Do you believe the event had a tendency to promote a communal social spirit which was beneficial and helpful in giving Schuylkill Haven an impetus for better and bigger things? Yes, you say, and in the same sentence you add that the total cost or expense was but of a minimum and never before was so much enjoyment and pleasure at a general outing or picnic procured as on the particular occasion referred to.
If Schuylkill Haven could hold a successful day out years ago, why cannot something of a similar nature be held in ? There is no question about it being possible to do so. It is realized that community affairs of this kind, where the public is brought together for a days outing, fun, and real merry making, makes for a better, livelier, stronger and healthier town. It prevents the town and the public spirit from growing dead.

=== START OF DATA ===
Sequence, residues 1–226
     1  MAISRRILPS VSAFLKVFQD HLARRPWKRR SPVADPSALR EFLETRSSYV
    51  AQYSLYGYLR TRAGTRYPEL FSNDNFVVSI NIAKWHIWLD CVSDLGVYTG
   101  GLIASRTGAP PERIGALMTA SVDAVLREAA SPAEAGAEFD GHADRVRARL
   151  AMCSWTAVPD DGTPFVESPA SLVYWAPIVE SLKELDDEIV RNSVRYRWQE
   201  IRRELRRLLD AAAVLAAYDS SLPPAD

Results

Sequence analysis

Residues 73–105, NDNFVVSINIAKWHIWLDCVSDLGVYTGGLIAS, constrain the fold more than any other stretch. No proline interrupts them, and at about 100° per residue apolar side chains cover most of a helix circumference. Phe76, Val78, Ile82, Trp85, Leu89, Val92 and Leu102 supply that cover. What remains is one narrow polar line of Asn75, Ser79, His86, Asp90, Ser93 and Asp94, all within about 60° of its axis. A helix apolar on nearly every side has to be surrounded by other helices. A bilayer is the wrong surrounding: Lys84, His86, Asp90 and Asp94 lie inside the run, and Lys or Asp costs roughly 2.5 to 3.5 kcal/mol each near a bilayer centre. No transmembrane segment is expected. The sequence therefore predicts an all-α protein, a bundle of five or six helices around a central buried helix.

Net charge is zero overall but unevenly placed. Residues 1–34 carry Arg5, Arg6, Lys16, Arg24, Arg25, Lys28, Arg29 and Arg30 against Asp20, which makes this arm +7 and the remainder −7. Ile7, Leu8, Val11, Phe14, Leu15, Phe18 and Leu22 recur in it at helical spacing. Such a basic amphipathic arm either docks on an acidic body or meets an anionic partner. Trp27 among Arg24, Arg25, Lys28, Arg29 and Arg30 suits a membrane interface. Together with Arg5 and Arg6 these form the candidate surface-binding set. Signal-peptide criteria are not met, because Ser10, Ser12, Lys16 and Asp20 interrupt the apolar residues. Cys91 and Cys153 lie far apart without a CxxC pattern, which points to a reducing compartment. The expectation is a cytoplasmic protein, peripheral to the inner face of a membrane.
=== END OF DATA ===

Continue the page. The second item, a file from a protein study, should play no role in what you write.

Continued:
Every businessman will join in to make a day out a success. Every manufacturer will assist and will be glad to give the employees a day off. Altogether the idea appeals and will appeal to everyone. The persons who have already spoken of the matter are enthusiastic over it. All that is necessary is to get the ball rolling and if the weatherman can be bribed so as to send the proper quality of weather, the success of the big day out several years ago can and will be duplicated.
The educational and welfare committee of the Industrial Association, we believe, would be the proper committee to proceed with the matter and stir it up.
A number of citizens will be too glad to lend assistance and take an active part and share the burden of a large amount of labor necessary for an event of this kind. The public will surely take an immediate active interest in the project and lend every aid necessary.